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No single grading standard has yet evolved for the collecting of stocks and bonds. In general, certificate grading standards mirror those used by paper money collectors. Here are the terms I use for grading paper.
Be warned that dealers' definitions can and will differ. Many dealers will grade stocks and bonds one level higher than me.
Using my definitions, the grades of most stocks and bonds will cluster around the Fine and Very Fine categories. Unless a seller specifically argues to the contrary, you can generally assume certificates are in average condition. Fortunately, certificates in average condition are perfectly acceptable for most collectors.
Also be warned of the phrase, "average condition for the issue." The average condition of some issues, particularly early Cuban certificates, can be downright awful. Because of storage conditions, average certificates of some issues will include discoloration and water staining. The average condition of some issue may actually mean heavy cancellation. If ever in doubt about condition, ask your seller to explain and send you a copy.
Here are my grading standards. Other dealers and collectors may use different standards. Before spending a lot of money, be sure you understand the seller's system.
Mint = ???
I NEVER use this term for paper. With deference to experts in other hobbies, I argue that paper is printed. Paper is not minted!
UNC = uncirculated
I seldom use this term for stocks and bonds. Virtually all stocks and bonds, upon close examination, show handling marks. Truly uncirculated documents are still in printing plants.
XF = extra fine
Documents are much better than average. There are no tears or water stains. This is generally the highest grade I use for any stock certificate. Paper is bright with original body. Proofs in this category may show a few pencils or crayon marks, but the paper will be better than average.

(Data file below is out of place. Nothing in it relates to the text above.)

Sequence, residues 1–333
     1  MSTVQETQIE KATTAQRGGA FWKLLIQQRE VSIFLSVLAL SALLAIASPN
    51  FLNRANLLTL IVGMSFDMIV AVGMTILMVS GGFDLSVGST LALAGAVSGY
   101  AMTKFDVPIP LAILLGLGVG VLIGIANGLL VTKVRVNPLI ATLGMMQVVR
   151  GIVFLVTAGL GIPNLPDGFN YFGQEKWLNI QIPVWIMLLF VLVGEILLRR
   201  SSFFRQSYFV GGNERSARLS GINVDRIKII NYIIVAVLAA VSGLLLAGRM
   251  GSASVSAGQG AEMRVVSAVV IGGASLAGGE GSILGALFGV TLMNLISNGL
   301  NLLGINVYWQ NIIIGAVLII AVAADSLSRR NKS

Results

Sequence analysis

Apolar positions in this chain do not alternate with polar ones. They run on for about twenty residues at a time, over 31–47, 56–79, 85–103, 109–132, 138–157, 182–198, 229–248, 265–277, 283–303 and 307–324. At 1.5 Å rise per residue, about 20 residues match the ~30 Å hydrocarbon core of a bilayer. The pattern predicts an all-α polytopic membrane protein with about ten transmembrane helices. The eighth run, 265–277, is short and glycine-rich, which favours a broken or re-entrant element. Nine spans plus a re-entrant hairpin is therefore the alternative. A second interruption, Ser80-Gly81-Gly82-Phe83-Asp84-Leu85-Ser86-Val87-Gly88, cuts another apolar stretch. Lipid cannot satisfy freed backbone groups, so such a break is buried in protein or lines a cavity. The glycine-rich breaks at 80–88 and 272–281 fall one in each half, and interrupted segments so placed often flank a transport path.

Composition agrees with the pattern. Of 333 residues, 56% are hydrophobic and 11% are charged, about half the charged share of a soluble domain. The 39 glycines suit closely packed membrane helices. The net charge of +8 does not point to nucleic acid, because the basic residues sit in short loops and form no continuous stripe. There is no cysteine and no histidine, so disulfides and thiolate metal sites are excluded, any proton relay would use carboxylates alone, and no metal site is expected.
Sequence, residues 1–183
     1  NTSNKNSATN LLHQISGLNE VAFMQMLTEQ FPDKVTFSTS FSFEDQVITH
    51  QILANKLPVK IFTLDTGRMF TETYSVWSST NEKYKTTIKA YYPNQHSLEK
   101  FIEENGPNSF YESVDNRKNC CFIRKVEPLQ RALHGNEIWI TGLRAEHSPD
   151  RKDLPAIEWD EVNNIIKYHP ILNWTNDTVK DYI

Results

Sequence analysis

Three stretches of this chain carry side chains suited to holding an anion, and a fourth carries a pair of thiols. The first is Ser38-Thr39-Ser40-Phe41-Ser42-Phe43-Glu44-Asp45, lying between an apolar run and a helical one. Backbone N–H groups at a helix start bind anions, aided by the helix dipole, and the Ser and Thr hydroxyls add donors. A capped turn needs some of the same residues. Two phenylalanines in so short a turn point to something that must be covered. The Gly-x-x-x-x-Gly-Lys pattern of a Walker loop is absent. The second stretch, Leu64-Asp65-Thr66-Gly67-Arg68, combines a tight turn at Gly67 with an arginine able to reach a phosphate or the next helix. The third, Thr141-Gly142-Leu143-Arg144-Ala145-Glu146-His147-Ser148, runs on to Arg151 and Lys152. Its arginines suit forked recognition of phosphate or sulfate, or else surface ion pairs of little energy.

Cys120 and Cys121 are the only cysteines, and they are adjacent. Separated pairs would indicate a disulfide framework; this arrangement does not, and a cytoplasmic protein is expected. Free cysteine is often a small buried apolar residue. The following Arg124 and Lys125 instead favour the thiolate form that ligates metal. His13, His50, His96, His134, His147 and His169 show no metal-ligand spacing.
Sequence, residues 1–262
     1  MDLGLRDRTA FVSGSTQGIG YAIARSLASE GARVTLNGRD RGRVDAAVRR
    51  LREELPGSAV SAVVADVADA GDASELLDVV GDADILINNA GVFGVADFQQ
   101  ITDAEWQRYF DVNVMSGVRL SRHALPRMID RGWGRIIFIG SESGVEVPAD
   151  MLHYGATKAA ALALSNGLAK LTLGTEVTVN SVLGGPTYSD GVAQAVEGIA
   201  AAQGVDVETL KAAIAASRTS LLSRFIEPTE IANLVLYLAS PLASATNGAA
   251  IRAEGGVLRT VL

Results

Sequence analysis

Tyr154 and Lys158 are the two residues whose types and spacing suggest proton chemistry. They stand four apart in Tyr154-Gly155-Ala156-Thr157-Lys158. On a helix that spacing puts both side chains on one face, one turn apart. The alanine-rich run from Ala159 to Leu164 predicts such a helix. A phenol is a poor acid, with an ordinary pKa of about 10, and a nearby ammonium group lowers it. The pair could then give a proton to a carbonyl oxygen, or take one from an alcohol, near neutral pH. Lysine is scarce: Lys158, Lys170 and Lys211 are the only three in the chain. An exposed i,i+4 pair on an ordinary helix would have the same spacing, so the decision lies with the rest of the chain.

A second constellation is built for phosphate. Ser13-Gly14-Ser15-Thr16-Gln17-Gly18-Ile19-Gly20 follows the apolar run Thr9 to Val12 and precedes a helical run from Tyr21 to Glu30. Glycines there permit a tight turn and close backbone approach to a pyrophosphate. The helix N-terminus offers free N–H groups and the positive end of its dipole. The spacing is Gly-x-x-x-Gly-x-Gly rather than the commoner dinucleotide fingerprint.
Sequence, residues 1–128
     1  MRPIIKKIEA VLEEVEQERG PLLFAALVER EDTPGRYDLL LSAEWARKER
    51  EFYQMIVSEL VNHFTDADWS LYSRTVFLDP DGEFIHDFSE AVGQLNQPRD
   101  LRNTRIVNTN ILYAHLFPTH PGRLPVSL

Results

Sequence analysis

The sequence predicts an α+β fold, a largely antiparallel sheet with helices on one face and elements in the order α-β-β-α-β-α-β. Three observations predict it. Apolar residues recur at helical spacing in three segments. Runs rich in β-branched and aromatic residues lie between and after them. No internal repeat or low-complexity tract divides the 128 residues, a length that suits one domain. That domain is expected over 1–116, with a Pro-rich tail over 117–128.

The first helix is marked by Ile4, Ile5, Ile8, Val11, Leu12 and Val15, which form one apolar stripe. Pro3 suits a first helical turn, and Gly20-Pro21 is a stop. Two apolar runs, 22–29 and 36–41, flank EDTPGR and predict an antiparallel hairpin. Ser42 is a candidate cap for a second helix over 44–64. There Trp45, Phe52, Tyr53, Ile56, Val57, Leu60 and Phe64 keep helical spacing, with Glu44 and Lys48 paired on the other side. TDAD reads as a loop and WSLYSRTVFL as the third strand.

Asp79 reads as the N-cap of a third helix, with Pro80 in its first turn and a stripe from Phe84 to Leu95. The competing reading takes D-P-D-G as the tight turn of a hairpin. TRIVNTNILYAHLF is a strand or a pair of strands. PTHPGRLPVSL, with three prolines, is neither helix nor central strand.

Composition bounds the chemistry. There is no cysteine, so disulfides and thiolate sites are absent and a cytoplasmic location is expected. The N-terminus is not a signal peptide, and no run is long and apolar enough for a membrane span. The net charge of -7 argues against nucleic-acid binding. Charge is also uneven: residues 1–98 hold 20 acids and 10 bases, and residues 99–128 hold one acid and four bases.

VF = very fine
Documents are better than average, but not perfect. There may two or three light folds. This is generally the highest grade I use for bonds, because most bonds were folded in quarters. There may be minimal cancellations that affects signatures, but not the paper. Paper is generally bright, but may show minimal aging. Older certificates may show halos around ink signatures, but the paper will be intact.
F = fine
Average documents with average problems. Documents are intact, but may have average creases, handling marks, tiny edge tears. Cancellations will be typical for the issue and may include punches, punch-out cancels, cut cancels, and cut-out cancels. There may be one or two staple holes. The document may be fastened to a stub with staple, glue, or paste. Average certificates may also have been removed from stubs, and may show staining from the old glue. The paper, however, should show only minor wrinkling from removal. DO NOT BUY anything in this condition if you are unwilling to accept average problems.
VG = very good
Documents have more problems than normal. They show definite wear. Originally-folded documents may show minor separations along original folds. There may be water stains. Pulp paper may show yellowing or brittleness. Cancellations will be heavier than average for the issue.
G = good
Documents are intact, but beat up. There may be significant acidic paper deterioration in paper with high pulp content. Do not collect documents in this condition except as space fillers.
FR = fair
Documents are heavily worn. There may be large tears or bad acidic paper deterioration. There may be pieces missing. Collect items in this condition only if they have significant historical or collectible interest.
PR = poor
Documents have serious problems. They are barely above rag status. Buy with extreme caution. Items in this condition are space fillers only. They are likely to have minimal resale value.
I strongly recommend buying the Cox Catalog from your favorite
If they do not yet carry, or are out of stock, you may buy directly from the author.
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